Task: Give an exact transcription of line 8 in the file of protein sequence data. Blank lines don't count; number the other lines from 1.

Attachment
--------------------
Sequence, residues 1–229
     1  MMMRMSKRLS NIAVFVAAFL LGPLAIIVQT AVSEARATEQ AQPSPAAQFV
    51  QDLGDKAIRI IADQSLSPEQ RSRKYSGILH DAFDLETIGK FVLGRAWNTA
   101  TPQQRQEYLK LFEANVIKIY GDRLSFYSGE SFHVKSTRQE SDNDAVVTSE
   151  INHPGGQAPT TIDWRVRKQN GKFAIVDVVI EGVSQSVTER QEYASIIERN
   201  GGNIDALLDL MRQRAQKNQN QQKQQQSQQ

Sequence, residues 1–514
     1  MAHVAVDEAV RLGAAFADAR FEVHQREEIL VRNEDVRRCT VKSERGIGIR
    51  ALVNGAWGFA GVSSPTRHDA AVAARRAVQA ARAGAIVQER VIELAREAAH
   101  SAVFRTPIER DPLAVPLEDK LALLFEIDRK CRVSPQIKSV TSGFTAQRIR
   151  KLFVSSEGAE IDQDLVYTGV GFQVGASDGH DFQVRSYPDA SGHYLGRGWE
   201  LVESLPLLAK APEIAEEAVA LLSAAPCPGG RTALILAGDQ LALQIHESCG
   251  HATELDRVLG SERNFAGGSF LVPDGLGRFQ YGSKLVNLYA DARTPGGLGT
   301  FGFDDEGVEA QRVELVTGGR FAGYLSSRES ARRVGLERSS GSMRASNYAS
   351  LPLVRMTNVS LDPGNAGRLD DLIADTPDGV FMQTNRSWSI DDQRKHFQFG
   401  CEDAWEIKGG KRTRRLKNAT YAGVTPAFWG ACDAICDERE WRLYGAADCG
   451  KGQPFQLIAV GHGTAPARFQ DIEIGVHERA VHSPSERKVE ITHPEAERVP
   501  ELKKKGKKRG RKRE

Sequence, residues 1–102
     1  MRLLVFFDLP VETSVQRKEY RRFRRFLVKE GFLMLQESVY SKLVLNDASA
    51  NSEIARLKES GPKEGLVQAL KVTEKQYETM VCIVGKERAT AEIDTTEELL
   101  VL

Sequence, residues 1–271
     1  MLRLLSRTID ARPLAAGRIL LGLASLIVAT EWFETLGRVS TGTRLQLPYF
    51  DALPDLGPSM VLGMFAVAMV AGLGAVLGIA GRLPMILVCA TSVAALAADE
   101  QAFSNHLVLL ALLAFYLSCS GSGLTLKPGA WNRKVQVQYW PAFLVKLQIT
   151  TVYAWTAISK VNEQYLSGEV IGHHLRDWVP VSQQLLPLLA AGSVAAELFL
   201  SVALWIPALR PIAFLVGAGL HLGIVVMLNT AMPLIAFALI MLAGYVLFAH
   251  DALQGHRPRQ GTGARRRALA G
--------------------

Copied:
     1  MAHVAVDEAV RLGAAFADAR FEVHQREEIL VRNEDVRRCT VKSERGIGIR